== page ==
Interview with Ann Griffin

finished image croppedIn my three million part series on writing, I’ve interviewed Ann Griffin, a writer of historical fiction. Her recent novel is a fictional version of real life events, inspired by her mother. The more author interviews I do, the more comforted I am by the idea that we’re all different. None of our paths are exactly the same and we have varied ways of existing because there is no one way to be a writer.

When did you decide you wanted to be published?

I wanted to be published very early while I was writing my novel, although I had at that time no idea what the process was. Once the book was finished, edited professionally by a developmental editor, I began querying. I signed up for Query Tracker, which provides information and a relatively easy way to query agents and keep track of who, when, and where. I participated in workshops on writing query letters and synopses and continued to modify them as I sent my queries and received feedback.

But despite a positive response (twelve requests for full manuscipts out of about 50 queries) it dawned on me how slow the process is. Not only that, I’m not a young person. Waiting two years after getting a contract to have a book for sale was just too long for me, so I refocused on self-publishing.

That turned out to be a steep learning curve, but thanks to a number of helpful websites (janefriedman.com, joelfriedlander.com) I boosted my knowledge and my confidence, and dove in. I hired a cover designer. I hired a copyeditor. Within four months of making the decision, my book was launched. Looking back, I should have taken more time before launching to send out ARCs and get some reviews, but in spite of that, my sales have gone quite well.

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My most recent (my only) book is Another Ocean to Cross, which is WWII historical fiction. It took about seven years to write, partly because I had no idea how to write a novel when I started. It all began when my last living uncle died in 2002. In his safety deposit box was a letter from a daughter no-one in the family knew existed. My curiosity demanded I look into this “family skeleton in the closet,” so eventually I met this cousin, who told me the story of her parents’ romance, marriage, and subsequent divorce. It was such a compelling, outrageous story, that I decided it needed to be written. Seeing no other suitable candidates, I volunteered myself for the job.

My first draft was fairly close to the true story, but my developmental editor (Kathryn Craft) helped me realize that sometimes, truth is too strange for readers of fiction, so I had to modify the story considerably to meet the demands of fiction. For example, in real life, the main character did not change much and did not seem to learn from her experience. In my book, she does learn and grow.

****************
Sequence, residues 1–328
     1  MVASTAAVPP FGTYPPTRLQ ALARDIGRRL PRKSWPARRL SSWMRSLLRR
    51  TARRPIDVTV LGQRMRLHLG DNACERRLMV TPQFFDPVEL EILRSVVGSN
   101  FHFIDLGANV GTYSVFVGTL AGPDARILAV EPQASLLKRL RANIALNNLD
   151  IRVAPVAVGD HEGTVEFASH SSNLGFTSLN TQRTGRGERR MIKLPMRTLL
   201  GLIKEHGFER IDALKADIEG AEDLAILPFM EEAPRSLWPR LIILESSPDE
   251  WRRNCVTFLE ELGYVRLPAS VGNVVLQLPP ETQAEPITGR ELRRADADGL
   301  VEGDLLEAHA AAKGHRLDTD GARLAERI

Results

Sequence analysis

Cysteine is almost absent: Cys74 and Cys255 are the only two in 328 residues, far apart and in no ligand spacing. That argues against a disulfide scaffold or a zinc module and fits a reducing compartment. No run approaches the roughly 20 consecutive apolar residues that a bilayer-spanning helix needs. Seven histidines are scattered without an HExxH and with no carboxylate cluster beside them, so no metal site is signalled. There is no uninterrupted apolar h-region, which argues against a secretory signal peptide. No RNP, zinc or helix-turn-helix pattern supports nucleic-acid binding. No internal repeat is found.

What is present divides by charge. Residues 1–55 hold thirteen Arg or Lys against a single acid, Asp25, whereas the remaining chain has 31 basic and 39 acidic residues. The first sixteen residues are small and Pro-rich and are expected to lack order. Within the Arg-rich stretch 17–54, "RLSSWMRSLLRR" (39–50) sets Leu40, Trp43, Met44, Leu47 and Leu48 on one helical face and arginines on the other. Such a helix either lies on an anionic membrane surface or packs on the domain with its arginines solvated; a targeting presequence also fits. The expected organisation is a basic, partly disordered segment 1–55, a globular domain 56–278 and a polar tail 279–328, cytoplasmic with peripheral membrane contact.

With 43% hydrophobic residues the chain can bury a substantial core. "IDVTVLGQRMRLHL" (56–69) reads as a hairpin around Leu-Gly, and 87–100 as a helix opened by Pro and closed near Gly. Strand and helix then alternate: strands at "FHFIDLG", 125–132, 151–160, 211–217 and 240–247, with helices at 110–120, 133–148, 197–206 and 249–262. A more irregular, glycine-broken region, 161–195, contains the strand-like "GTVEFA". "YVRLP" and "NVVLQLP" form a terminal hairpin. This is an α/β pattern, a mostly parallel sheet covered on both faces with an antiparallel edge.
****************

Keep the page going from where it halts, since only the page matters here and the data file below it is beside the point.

The story is of a gutsy young German Jewish girl, who tackles all kinds of dangers and hardships to save her parents, her child, and her battle-injured husband. The book follows Renata from Germany through Italy, Yugoslavia, Greece, to Egypt. From there, later, she must go to London, and finally, she heads to Canada where, eventually, she reunites with her husband. Hence the title, “Another Ocean to Cross.”

 

What inspires you?

I am inspired by stories of people in my family history, or someone else’s, who must deal with difficulty, danger, isolation, fear, in a world that is different from what we know in the twenty-first century. Strong women particularly inspire me.

 

What do you do if you get stuck?

I’ll switch to writing prompts sometimes. Or take up a totally different project. Sometimes I’m stuck because I need to do more research, and in that case, off I go to the library or wherever I need to get the information.

 

What is the biggest challenge of being published?

The marketing. It consumes my life and makes it hard to continue working on my next book. I don’t have money to spend on a publicist or other pricey methods of marketing, so I have focused on speaking to book clubs, libraries, and other groups where I have a connection. I have participated in two book festivals and am registered for a third in April. Next I’ll be contacting service clubs which often want guest speakers and permit the speaker to sell their products. I have entered several book contests but am still awaiting results. I hope to be named a finalist and would be thrilled to win, because that phrase, “award-winning author,” and a pretty gold sticker to put on the book does help sales.

 

What’s the best part?

As a published author, I encounter immediate respect from other writers and even more so from the general public as I meet them. The sense of achievement, a book in my hand that I created, is as good as the thrill of new motherhood.

 

What is your next project?

I am working on two new books, and am still not sure which one I will complete first. One is a sequel to Another Ocean to Cross that begins in 1960. The other begins in 1880, and follows a boy, Walter, and his sister, Emily, who are taken from their parents and sent to Canada to be labourers, but in separate cities. Their determination to find each other forms the main part of the plot.

You can find out more about Ann on her website.